McGuinness wins South Longford
On the first anniversary of the 1916 Rising, and the political
climate throughout Ireland having changed dramatically, Sinn Féin
prepared to put its policies to the electorate.
McGuinness's victory was ``the equivalent to a serious defeat of
the British Army in the field''
During the early month of 1917 the recently-released prisoners
set about reorganising Sinn Féin. Their views as to future policy
varied considerably. They included exponents of Arthur Griffith's
dual monarchy doctrine and radical republicans who advocated an
Among those who supported a republican policy was Rory O'Connor,
a man who believed in political methods only when these were
backed by physical force. After much debate, O'Connor persuaded
the national council of Sinn Féin to pursue the more republican
opportunity to put his new and radical policies to the
electorate soon presented itself when a by-election was called in
South Longford following the death of an Irish Parliamentary
Party MP. Although Sinn Féin had won a by-election in February of
that year, when Count Plunkett had taken North Roscommon, many
people believed that his victory was a fluke. Plunkett had stood
as an anti-Redmond Home Rule candidate and was the father of one
of the executed 1916 leaders, Joseph Mary Plunkett. South
Longford, therefore, could be the real test for Sinn Féin.
The candidate chosen to contest the by-election was Joseph
McGuinness, who was serving penal servitude in Lewes Jail,
England, for his part in the 1916 Rising and his name went before
the electorate with the simply slogan ``Put him in to get him
McGuinness, a Longford IRB man, had no desire to let his name go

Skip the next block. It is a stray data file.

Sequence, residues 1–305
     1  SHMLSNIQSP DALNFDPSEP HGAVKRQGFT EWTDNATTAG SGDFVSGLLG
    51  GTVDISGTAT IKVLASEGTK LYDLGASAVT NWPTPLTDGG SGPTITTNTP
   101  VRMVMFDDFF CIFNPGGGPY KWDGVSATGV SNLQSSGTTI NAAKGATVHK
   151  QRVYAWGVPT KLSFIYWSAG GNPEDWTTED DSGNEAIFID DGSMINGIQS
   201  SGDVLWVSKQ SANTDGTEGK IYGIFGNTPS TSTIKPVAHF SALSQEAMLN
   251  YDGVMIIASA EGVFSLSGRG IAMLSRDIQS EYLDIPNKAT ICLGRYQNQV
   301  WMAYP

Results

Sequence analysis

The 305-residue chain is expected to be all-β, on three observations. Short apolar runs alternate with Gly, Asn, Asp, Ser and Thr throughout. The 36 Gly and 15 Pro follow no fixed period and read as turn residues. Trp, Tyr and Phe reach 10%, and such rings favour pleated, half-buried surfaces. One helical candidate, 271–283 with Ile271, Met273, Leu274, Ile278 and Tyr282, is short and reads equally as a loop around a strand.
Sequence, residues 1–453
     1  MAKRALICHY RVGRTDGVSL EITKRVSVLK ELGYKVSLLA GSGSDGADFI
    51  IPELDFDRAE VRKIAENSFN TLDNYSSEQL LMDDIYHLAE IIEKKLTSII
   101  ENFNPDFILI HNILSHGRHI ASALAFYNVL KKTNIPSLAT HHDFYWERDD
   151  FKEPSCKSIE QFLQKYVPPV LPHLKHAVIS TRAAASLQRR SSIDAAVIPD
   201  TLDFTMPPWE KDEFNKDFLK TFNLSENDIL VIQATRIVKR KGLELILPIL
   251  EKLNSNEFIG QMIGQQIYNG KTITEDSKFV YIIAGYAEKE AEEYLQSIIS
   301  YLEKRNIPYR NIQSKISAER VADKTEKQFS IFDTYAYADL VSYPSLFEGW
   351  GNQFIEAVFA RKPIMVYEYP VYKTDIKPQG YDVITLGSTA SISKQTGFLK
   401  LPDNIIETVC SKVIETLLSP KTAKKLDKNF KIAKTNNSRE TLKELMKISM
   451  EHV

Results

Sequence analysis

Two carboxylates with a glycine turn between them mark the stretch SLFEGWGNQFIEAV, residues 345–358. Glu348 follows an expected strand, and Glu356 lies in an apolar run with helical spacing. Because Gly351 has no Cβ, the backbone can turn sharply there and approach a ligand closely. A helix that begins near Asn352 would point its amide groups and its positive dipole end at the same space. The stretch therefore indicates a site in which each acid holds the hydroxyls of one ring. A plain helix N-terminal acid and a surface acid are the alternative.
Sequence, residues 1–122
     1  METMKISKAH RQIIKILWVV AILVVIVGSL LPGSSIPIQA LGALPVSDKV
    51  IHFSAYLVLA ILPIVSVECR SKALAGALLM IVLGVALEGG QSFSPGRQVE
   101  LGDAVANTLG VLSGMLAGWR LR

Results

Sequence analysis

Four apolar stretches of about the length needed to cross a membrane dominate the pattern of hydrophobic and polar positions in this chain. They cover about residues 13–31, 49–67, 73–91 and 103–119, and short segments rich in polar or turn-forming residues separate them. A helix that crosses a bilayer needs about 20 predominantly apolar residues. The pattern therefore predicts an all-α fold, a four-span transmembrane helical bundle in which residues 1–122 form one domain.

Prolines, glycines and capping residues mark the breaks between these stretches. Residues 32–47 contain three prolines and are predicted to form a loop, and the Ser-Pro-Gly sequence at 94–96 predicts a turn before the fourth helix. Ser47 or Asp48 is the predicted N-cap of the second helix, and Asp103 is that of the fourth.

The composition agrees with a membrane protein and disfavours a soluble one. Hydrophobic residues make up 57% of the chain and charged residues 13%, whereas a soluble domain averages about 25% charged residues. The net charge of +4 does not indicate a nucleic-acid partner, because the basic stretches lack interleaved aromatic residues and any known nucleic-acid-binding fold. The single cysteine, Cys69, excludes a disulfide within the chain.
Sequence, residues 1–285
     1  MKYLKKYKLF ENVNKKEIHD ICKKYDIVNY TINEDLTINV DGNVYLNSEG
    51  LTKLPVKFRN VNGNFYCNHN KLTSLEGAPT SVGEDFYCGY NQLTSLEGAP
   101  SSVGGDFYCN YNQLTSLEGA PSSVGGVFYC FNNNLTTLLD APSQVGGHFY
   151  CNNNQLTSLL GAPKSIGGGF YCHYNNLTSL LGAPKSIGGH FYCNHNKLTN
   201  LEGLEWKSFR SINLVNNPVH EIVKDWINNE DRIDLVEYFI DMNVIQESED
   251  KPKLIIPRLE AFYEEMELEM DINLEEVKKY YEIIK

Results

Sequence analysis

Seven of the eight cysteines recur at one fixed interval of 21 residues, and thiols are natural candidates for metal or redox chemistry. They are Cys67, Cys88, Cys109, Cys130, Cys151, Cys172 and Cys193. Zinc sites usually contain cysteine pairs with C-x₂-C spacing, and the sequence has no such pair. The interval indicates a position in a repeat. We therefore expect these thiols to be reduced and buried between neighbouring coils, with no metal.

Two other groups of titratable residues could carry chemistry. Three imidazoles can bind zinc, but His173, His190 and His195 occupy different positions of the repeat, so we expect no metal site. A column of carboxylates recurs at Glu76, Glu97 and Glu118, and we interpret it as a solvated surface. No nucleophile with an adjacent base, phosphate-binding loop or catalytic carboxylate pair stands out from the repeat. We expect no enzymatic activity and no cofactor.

forward in the election, but Michael Collins, in the interests of
strengthening the republican hold over the developing political
movement and to preserve it from the relatively moderate ideas of
Griffith, went ahead with the election on his behalf.
Collins mobilised the re-forming Irish Volunteers and the
hundreds of young and enthusiastic Sinn Féin workers who had
poured into the constituency from all over the country as an
impressive rival to John Redmond's Irish Parliamentary Party
The Parliamentary Party threw all its resources into the battle.
To combat the youthful Sinn Féin workers, John Dillon and Joe
Devlin, with the acquired experience of a dozen such campaigns,
led a score of MPs to the area.
Despite the fact that the election was fought on an incomplete
register and the franchise still had not been extended to women,
Sinn Féin received 1,498 votes compared to 1,459 for the
Joseph McGuinness was returned as MP for South Longford by a
majority of only 39 votes. Narrow though the Sinn Féin victory
was, the Manchester Guardian declared it to be ``the equivalent to
a serious defeat of the British Army in the field''.
Polling in the historic South Longford election by-election took
place on 9 May 1917, 80 years ago this week.